January 2017 | Cynthia Rodrigues

A very special brew

It's a first for Indian coffee. Tata Coffee's Nullore microlot has been selected by Starbucks Reserve to be counted among the rarest of rare coffee microlots in the world

In a giant step for Indian coffee, the Nullore coffee estate, one of the 19 estates of Tata Coffee at Kodagu, Karnataka, has catapulted itself into the global coffee scene. A microlot of coffee from Nullore, the first-ever from India, was selected by Starbucks Reserve in June 2016, and will be sold and served as Tata Nullore Estate coffee at the Starbucks Reserve Roastery in Seattle in November.

A microlot is a limited edition variant of coffee that sparks interest on account of its exclusivity. It is coffee that is unique to a particular ecosystem. This is the first time an Indian brand has been counted among the rarest of rare coffee microlots in the world.

Moment of pride
Sanjiv Sarin, managing director, Tata Coffee, explains the significance of the achievement, “Around the world, customers are demanding enhanced, differentiated flavours, and roasteries are on the lookout for special microlots with exclusive flavours. For us, the leap from being mass suppliers of coffee to being selected by Starbucks from the crème de la crème of coffee is truly momentous.”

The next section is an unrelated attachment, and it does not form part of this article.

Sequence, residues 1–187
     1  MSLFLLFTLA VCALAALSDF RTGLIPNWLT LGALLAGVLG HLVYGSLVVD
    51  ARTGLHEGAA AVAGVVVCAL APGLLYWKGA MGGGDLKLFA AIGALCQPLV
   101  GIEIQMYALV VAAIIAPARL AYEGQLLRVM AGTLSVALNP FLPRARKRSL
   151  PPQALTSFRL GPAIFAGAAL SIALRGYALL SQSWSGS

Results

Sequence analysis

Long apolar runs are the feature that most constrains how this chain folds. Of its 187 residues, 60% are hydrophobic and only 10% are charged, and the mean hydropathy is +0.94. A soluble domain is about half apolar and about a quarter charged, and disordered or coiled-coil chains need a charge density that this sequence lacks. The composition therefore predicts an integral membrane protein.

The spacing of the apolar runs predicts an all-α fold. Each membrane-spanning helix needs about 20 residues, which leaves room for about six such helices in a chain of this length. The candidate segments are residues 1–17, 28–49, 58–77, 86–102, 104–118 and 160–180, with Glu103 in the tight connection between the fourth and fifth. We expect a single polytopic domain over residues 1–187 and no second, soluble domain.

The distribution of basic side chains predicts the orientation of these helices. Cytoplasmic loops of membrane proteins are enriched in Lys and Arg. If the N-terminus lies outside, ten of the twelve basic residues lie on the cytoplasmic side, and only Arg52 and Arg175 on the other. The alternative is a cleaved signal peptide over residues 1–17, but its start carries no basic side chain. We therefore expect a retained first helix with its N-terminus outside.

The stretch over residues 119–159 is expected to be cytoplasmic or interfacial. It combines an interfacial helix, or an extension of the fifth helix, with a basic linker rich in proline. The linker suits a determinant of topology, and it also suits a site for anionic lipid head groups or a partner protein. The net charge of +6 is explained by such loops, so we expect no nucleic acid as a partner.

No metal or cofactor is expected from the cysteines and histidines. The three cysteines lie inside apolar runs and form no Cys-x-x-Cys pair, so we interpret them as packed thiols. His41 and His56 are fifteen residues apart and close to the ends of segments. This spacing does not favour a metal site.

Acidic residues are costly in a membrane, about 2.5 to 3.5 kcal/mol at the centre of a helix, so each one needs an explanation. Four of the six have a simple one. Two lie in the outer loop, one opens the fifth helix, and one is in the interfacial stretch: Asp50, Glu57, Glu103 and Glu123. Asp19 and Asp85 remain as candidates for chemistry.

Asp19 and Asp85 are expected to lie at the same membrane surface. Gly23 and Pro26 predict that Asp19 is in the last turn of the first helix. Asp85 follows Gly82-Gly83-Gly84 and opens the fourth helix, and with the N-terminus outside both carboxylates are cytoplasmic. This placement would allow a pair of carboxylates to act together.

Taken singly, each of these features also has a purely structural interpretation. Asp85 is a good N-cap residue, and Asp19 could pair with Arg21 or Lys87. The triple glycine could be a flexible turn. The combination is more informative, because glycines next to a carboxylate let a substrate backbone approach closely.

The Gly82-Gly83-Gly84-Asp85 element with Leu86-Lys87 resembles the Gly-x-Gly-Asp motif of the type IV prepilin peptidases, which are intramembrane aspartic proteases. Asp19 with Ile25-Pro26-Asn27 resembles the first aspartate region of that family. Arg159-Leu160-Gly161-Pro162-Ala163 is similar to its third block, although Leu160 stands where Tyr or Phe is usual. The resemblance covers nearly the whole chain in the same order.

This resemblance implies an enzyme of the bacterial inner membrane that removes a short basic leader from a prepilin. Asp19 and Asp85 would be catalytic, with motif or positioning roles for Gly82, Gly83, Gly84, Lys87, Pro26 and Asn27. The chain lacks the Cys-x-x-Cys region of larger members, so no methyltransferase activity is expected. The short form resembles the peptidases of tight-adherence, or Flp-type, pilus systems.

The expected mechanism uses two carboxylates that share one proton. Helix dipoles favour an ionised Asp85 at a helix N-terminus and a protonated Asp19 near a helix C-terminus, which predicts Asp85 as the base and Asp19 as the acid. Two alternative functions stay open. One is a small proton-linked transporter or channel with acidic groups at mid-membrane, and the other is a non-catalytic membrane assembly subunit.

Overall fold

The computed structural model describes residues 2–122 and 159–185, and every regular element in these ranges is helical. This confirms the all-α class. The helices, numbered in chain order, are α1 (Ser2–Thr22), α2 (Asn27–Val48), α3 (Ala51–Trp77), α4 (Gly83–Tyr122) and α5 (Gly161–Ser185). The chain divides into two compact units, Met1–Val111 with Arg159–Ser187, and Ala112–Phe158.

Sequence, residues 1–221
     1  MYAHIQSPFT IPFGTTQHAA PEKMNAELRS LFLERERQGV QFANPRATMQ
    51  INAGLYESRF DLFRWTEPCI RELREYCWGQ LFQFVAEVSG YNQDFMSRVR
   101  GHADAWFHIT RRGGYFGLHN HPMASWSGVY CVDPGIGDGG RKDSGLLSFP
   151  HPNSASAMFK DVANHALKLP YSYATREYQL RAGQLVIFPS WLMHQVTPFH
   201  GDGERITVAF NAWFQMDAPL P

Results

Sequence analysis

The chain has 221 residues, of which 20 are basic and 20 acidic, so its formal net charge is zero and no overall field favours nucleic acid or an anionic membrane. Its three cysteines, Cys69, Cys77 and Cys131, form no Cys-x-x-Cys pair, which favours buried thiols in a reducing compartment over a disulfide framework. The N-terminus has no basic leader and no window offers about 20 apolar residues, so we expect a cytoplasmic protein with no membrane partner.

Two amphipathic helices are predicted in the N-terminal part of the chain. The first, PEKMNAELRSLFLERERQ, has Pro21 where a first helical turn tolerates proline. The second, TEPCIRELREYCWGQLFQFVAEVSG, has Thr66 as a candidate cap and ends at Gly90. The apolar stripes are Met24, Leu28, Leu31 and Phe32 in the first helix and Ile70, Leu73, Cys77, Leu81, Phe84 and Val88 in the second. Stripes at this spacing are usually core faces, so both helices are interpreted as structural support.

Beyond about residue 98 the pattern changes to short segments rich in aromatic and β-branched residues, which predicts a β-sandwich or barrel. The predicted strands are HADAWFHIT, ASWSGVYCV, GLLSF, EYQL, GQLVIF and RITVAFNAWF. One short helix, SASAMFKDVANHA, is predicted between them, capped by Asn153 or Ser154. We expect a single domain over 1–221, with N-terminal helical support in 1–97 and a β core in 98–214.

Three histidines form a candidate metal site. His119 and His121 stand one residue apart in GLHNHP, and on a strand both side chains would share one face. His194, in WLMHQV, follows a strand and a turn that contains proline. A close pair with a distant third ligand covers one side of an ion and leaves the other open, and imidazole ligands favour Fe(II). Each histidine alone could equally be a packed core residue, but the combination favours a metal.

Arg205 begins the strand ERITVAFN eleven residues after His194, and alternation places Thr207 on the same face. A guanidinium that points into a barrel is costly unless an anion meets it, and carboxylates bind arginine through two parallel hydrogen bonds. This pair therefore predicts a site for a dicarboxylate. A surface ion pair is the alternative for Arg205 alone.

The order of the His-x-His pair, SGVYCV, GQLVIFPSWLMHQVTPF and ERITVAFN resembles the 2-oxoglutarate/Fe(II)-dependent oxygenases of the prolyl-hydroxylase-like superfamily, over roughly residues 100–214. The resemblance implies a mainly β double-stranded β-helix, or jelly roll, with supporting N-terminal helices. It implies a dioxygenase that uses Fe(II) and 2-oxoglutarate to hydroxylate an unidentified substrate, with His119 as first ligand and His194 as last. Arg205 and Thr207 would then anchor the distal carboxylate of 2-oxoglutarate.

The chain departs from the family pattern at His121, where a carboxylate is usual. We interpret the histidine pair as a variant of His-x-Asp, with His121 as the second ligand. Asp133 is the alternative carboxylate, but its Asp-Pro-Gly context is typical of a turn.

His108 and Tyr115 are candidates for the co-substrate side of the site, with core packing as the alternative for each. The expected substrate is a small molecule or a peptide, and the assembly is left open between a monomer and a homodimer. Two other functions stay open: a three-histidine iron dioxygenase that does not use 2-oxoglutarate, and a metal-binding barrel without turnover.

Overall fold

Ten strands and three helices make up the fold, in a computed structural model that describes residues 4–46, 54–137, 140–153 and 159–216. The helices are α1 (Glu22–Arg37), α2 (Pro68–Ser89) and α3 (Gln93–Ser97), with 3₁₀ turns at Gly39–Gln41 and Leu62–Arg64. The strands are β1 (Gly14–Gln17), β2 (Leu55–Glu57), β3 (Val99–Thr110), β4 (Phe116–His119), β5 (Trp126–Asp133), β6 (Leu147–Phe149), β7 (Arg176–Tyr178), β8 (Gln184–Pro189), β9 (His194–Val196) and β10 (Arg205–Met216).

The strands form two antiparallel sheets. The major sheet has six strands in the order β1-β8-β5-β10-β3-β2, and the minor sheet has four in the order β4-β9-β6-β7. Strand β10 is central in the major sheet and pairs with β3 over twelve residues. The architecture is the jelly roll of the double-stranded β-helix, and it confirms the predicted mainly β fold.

The creation of the Nullore microlot was a series of ‘aha’ moments, from the identification of the block where the coffee was grown, the time when the coffee was picked and the weather conditions prevalent then, to the decision of Starbucks to medium roast the beans in order to release the coffee’s best characteristics. Each of these elements happened at the right moment, and served to create the perfect microlot.

The effort to produce a spectacular coffee began last year with Tata Coffee inviting estate managers to work on microlots. Since the concept was unknown, everyone at the estate needed to be coached. This is where Sunalini Menon, director, Tata Coffee, stepped in to guide the quest for the perfect microlot, while also encouraging Starbucks to taste an unknown Indian coffee.

The 'microclimate'
Ms Menon, with her years of experience on the Indian Coffee Board, advised estate managers to look for a ‘microclimate’ created by a particular combination of flora, fauna and soil conditions that would influence the microlot produced there. Initially, there was scepticism, but before long the estate managers were fully enthused about their task.